Iolo Williams: "there are flashes of genius in various parts of his beautiful quarto, Poems on Several Occasions, which appeared in 1752 — ten years before his most famous poem was scratched upon the walls of Bedlam. Especially in the first section of the book, the Odes, which show the influence of Gray's odes, are these flashes present; Gray, by the way, was a subscriber to the volume, and so was Mason; Pembroke (with Mason and Smart, and Gray just over the road at Peterhouse, but with most of his thoughts in Pembroke) must have been ringing with odes, as it was with petty quarrels, in the 1750's. Smart's attempts in this kind (odes, of course, not quarrels) show great metrical invention, based on Milton, Dryden, and Gray, though they are not often wholly successful as poems" By-Ways around Helicon (1922) 133.
Augustine Birrell: "The author of 'David,' under happier circumstances, might have conferred additional poetic lustre, even upon the college of Spenser" Obiter Dicta, Second Series (1887) 280.
Karina Williamson: "Perhaps written to celebrate the wedding of Anne Vane and Charles Hope Weir in 1746" Miscellaneous Works (1987) 440. This volume also contains Christopher Smart's Latin translation of Milton's L'Allegro.
Descend, descend, ye sweet Aonian maids,
Leave the Parnassian shades,
The joyful Hymeneal sing,
And to a lovelier Belle
Than fiction can devise, or eloquence can tell,
Your vocal tributes bring.
And you, ye winged choristers, that fly
In all the pensile gardens of the sky,
Chant thro' th' enamel'd grove,
Stretch from the trembling leaves your little throats,
With all the wild variety of artless notes,
But let each note be love.
Fragrant Flora, queen of May,
All bedight with garlands gay,
Where in the smooth-shaven green
The spangled cowslips variegate the scene,
And the rivulet between,
Whispers, murmurs, sings,
As it stoops, or falls, or springs;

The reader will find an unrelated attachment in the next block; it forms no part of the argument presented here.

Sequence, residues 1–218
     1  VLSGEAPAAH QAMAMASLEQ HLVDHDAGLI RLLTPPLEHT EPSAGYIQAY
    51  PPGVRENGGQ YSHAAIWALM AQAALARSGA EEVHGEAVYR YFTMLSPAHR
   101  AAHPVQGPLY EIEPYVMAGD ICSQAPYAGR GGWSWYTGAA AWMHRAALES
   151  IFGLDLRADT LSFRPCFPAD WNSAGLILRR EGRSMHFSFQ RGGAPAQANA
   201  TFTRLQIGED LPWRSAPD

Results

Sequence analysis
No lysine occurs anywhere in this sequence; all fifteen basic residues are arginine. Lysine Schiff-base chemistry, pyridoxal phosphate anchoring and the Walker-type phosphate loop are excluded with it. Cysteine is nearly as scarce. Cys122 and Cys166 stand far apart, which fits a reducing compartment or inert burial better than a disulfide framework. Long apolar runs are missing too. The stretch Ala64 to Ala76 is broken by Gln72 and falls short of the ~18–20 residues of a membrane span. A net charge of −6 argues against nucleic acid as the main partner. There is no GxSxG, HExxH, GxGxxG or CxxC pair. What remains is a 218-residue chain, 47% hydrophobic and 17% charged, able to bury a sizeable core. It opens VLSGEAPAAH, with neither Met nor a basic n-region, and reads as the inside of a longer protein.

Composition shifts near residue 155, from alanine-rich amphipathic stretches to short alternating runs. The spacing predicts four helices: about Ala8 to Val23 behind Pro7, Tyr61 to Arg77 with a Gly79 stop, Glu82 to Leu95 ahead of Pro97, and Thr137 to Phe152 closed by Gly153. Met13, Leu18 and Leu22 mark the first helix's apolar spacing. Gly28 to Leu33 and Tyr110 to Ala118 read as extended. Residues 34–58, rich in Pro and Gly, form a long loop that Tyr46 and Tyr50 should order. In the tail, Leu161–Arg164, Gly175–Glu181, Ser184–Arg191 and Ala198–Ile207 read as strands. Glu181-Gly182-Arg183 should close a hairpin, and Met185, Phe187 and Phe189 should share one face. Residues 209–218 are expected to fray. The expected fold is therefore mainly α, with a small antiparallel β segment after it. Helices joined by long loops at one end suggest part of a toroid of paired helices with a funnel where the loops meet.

There spread a sofa of thy softest flowers,
There let the bridegroom stay,
There let him hate the light, and curse the day,
And dun the tardy hours.
But see the bride — she comes with silent pace,
Full of majesty and love;
Not with a nobler grace
Look'd the imperial wife of Jove,
When erst ineffably she shone
In Venus' irresistible, inchanting zone.
Phoebus, great god of verse, the nymph observe,
Observe her well;
Then touch each sweetly-trem'lous nerve
Of thy resounding shell:
Her like huntress-Dian paint,
Modest, but without restraint;
From Pallas take her decent pace,
With Venus sweeten all her face,
From the Zephyrs steal her sighs,
From thyself her sun-bright eyes;
Then baffled, thou shalt see,
That as did Daphne thee,
Her charms description's force shall fly,
And by no soft persuasive sounds be brib'd
To come within INVENTION'S narrow eye;
But all indignant shun its grasp, and scorn to be describ'd.
Now see the bridegroom rise,
Oh! how impatient are his joys!
Bring zephyrs to depaint his voice,
Bring light'ning for his eyes.
He leaps, he springs, he flies into her arms,
With joy intense,
Feeds ev'ry sense,
And sultanates o'er all her charms.
Oh! had I Virgil's comprehensive strain,
Or sung like Pope, without a word in vain,
Then should I hope my numbers might contain,
Engaging nymph, thy boundless happiness,
How arduous to express!
Such may it last to all eternity:
And may thy lord with thee,
Like two coeval pines in Ida's grove,
That interweave their verdant arms in love,
Each mutual office chearfully perform,
And share alike the sunshine, and the storm;
And ever, as you flourish hand in hand,
Both shade the shepherd and adorn the land,
Together with each growing year arise,
Indissolubly link'd, and climb at last the skies.